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Man started bank that provides loans to the poor

“Not credit-worthy.”

That is what the local bankers told Muhammad Yunus when he met with them in Bangladesh over 30 years ago to ask them why they would not loan to the poor in the village of Jobra.

 

At the time, he was a young economics professor, recently returned to his home country after earning a doctorate and teaching in the United States.

 

He sought the help of traditional banks because he wanted to help the village’s poor find an alternative to local loan sharks, street lenders who not only charged high interest rates, but also attached stipulations to the loans such as telling merchants what prices to charge for their goods or demanding that he or she sell all the product to the loan shark.

After learning that the poor could not turn to the banks, Yunus compiled a list of all the people who were working with the loan sharks.

The list totalled 42 people, and he lent them a total of $27. A few years later, he would establish Grameen Bank, a not-for-profit microfinance institution that now provides loans to the poor throughout Bangladesh and countries around the world.

“Should banks tell people they’re not credit-worthy?” he asked an audience at the University of Illinois Foellinger Auditorium on Monday evening. Or should it be the other way around, “that banks are not people-worthy?” he said.

Poverty, he told the packed crowd, “is not a creation of a person … poverty is an artificial imposition … created by the system that we built.”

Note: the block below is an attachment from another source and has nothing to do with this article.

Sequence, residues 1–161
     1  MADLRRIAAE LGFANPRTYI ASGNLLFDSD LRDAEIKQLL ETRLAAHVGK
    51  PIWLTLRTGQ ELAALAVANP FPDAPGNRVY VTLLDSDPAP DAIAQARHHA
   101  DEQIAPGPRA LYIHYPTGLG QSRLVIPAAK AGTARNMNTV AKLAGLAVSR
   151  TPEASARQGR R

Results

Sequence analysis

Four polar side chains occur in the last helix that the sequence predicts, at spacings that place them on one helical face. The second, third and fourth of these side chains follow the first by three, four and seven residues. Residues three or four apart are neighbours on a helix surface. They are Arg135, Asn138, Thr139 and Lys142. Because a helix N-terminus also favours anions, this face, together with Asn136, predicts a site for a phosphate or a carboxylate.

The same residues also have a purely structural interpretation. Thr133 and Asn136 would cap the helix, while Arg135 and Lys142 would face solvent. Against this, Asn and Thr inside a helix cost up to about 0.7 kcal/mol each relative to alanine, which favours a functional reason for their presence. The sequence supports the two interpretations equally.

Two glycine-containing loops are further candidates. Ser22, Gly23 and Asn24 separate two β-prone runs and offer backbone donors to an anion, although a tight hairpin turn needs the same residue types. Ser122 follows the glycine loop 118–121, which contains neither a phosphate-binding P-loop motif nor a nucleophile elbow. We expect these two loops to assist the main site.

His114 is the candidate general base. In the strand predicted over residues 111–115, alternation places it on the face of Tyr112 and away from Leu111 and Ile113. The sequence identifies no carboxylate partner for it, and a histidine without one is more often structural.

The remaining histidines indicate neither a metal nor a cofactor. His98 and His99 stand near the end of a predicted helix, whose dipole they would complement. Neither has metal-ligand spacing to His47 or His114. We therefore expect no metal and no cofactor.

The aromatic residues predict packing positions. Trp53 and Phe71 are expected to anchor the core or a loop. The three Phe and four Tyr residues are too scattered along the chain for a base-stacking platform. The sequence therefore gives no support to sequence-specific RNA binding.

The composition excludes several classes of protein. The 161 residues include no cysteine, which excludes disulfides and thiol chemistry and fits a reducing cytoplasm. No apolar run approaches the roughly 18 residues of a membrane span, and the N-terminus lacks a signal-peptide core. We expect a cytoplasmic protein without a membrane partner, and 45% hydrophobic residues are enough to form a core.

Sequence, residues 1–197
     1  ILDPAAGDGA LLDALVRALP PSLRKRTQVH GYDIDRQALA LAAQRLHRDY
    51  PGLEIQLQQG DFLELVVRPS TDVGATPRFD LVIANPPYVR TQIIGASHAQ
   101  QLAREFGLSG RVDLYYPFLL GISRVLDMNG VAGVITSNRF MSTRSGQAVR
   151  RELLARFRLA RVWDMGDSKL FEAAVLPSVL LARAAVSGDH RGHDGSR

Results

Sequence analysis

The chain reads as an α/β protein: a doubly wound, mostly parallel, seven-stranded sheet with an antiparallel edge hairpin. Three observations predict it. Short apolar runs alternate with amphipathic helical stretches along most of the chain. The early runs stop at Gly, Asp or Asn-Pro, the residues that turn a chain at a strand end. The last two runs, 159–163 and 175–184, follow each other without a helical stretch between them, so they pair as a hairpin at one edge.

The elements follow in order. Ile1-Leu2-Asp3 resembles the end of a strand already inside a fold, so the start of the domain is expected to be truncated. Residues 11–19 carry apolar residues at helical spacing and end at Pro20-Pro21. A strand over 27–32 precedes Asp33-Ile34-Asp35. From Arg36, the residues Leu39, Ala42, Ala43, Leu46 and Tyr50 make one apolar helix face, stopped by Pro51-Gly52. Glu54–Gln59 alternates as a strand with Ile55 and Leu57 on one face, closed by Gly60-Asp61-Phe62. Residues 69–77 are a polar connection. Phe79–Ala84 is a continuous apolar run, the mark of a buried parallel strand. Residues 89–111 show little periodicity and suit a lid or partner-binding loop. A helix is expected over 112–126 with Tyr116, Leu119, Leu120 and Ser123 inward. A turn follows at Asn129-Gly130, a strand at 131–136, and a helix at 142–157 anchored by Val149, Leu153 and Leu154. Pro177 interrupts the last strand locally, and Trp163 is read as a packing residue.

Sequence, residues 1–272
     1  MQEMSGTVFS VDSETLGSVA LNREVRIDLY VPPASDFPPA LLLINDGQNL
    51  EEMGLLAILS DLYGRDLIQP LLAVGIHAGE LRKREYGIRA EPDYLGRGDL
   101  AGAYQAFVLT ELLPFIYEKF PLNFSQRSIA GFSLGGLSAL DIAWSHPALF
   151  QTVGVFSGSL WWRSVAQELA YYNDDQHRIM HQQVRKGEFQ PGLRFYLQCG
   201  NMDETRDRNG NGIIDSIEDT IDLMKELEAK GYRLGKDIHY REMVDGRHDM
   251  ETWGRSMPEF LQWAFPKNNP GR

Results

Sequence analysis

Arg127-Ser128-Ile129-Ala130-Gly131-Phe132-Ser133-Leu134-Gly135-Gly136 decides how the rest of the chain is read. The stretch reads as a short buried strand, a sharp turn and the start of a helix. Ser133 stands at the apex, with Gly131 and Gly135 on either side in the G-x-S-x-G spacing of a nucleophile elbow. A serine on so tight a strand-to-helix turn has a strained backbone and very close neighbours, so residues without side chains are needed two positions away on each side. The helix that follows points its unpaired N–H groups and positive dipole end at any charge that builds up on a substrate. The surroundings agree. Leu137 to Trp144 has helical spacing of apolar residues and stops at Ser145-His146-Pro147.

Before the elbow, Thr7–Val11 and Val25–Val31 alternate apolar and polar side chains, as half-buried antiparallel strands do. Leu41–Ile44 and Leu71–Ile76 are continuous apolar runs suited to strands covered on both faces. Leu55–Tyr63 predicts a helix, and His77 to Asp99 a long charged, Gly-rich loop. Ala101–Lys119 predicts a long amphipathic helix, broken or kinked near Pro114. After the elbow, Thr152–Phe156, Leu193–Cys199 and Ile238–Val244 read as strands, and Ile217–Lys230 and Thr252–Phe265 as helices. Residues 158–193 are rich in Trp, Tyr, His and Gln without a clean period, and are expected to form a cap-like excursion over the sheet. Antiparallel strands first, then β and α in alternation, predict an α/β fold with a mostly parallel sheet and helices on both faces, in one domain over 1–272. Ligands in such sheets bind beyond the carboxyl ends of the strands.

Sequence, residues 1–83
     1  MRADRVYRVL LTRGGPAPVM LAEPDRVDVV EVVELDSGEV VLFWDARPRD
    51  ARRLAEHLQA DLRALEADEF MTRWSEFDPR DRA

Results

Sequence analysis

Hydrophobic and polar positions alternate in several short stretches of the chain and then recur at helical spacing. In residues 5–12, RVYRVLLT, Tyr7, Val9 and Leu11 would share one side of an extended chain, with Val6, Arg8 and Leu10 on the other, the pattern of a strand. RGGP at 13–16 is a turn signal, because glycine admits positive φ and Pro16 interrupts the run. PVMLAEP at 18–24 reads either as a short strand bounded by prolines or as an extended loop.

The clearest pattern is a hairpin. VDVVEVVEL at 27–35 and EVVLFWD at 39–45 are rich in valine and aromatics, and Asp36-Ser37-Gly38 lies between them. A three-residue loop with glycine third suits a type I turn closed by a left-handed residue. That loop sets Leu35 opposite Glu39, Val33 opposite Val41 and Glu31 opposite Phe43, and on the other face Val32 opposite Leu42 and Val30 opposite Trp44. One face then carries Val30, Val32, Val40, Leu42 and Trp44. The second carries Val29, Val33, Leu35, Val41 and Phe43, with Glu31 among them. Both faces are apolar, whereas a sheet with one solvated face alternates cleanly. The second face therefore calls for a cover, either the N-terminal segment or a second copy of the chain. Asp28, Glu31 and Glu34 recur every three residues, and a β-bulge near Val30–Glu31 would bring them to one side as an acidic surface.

“Unless we change those institutions and policies and concepts it will be extremely difficult to lift that burden of poverty,” he said.

Microlending is about lending to the poor, not asking for collateral, not asking them to sign a legal instrument.

The majority of Grameen’s borrowers are women, single mothers, and investing in them means investing in families and in the education of their children, he said.

“I’m not talking about giving money away. I’m talking about investing in others,” he said.
It’s a “social business.”

He asked audience members to “take off their profit-maximizing glasses and for a few seconds … put on social business glasses.”

The world seen through those glasses “has exciting things waiting for us,” he said. “There’s nothing called impossible in the world.”

Part of the reason for his campus visit, he told The News-Gazettte, in addition to talking about microfinance and social entrepreneurship, is to  give students the message “they can change the world. One single individual is very important.”

For his work in micro credit or microfinancing, Mr. Yunus received the Nobel Peace Prize in 2006. President Barack Obama also awarded him with  the Presidential Medal of Freedom.

And on Monday evening, UI President Stanley Ikenberry presented him with the university’s Presidential Award and Medallion.

Ikenberry said it was his privilege to give him the award “not just to  recognize your remarkable achievements but to also give voice to the  values and hope that resides in this university.”
 

By Christine Des Garennes/ The News-Gazette 

¨ Copyright 2011 CU-CitizenAccess.